Last Friday, Pope Francis consecrated Russia to the Immaculate Heart of Mary. The hope is that Russia will denounce its evil ways and come to Jesus for peace and salvation. Instead of rejoicing in this, many questioned why Mary is necessary. I addressed this here. Others debated whether the consecration had already been performed by past popes and the sacredness of what occurred in Fatima. I speak of these issues here.
If Russia does not convert, it will continue to spread its errors throughout the world and a disaster worse than the great flood will occur. This is a scary possibility for many. It should be. The thought of dying a horrific death, watching loved ones die, and spending eternity in Hell should terrify all of us, but there is reason to hope too.
Nehemiah, Free Will, Locus of Control, & Russian Consecration
Hope lies in our gift of free will and in the power we have to focus on what we can control rather than be distracted by what we cannot. Mary says “if” Russia is not consecrated and “if” people do not pray and do penance then terrible things will happen. The word “if” says a lot and refers to the gift of free will. It shows we have control over some things but that what we can control is often not what we focus on. It shows we can do better.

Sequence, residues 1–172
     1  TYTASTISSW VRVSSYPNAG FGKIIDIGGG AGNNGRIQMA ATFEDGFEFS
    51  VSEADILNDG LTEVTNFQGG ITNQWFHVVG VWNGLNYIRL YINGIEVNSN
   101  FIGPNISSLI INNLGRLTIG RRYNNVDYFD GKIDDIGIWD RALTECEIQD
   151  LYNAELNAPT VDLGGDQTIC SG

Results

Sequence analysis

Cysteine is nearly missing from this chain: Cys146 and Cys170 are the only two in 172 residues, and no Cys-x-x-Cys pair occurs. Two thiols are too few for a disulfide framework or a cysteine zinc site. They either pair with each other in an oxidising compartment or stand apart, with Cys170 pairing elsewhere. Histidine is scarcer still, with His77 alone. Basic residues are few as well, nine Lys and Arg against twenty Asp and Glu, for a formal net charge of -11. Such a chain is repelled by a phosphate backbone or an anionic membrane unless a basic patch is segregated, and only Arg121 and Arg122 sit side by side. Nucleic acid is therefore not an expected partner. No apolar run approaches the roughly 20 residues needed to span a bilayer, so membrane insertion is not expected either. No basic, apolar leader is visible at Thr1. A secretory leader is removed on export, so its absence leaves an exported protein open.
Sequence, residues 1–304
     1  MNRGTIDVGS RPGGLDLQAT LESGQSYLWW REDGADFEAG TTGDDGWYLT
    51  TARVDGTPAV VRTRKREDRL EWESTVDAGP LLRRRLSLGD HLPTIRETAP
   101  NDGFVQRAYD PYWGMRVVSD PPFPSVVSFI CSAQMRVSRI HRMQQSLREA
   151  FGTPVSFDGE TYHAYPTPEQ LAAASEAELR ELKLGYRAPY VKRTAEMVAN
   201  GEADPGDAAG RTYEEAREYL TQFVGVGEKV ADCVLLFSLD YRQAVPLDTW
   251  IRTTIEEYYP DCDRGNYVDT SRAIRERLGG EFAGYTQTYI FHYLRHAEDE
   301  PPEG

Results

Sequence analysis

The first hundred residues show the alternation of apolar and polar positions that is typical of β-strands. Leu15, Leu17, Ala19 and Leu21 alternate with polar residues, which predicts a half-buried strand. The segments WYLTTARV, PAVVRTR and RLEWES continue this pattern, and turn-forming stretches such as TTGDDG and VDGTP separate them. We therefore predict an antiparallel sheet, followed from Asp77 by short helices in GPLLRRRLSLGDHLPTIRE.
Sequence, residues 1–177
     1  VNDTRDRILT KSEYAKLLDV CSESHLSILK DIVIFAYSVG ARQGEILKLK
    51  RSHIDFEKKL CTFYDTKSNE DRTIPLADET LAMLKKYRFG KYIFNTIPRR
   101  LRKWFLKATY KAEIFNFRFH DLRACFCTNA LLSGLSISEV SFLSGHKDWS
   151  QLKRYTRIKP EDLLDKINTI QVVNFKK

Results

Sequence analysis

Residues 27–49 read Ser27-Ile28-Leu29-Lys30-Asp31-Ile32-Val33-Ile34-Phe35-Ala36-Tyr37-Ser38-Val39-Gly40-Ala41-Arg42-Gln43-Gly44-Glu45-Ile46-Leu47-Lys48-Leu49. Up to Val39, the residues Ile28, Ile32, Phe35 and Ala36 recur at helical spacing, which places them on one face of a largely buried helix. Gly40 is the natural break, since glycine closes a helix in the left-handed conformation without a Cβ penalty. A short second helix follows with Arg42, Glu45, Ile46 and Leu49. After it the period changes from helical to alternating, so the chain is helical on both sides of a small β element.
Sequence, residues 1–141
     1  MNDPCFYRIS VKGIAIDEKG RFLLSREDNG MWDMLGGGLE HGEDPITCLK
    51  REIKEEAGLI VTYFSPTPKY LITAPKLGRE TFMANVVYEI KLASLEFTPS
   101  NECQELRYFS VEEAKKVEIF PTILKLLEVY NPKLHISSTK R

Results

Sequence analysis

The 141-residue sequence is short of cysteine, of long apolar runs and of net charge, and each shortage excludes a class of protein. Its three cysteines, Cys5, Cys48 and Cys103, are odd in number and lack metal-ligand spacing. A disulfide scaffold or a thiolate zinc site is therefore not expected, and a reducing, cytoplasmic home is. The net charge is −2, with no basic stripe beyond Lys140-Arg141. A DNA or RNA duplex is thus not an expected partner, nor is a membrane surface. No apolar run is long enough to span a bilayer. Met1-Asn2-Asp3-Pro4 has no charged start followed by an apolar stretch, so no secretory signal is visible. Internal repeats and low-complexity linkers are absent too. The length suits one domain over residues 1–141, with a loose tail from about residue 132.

We spend much of our time concerned with what we cannot control. We debate it. We focus on it. We worry about it. We cannot control whether past popes consecrated Russia or not. We cannot control whether Pope Francis consecrated Russia correctly or not. We cannot control whether vendors corrupt sacred spaces or not. We cannot control whether the world erupts in nuclear war or whether a number of souls go to Heaven or Hell or any number of things, but that does not make us powerless.
Christians sometimes get so focused on the miracle that is Jesus, that we forget there is great value in the Old Testament and the lives of those who lived before Jesus too. Incorporating those lessons is invaluable today. In the case of Russian Consecration and in much of life, the key to what we should focus on lies in the Book of Nehemiah.
The Book of Nehemiah depicts a horrible, but often forgotten about period for the Jewish people. Nehemiah is a brave and faith-filled man whose world is under attack. He knows his people live in fear, worried about what might happen and focused on things they cannot control. They focused on what others were doing rather than on what was directly in front of them. To save his world, Nehemiah directed his people to build the wall that was directly in front of them. He convinced them not to focus on anyone else, but instead to do only what was directly assigned to them because that was what they could control.
Nehemiah understood we all have things we control, things we influence, and things we are concerned about. He knew what we control is much smaller than what we influence which is much smaller than what we are concerned about. He knew that too often we spend our time thinking about things we are concerned about and not enough time improving things we can control. Nehemiah knew that by getting the townspeople to focus on their individual circles of control, they would all have bigger impacts on their circle of concern.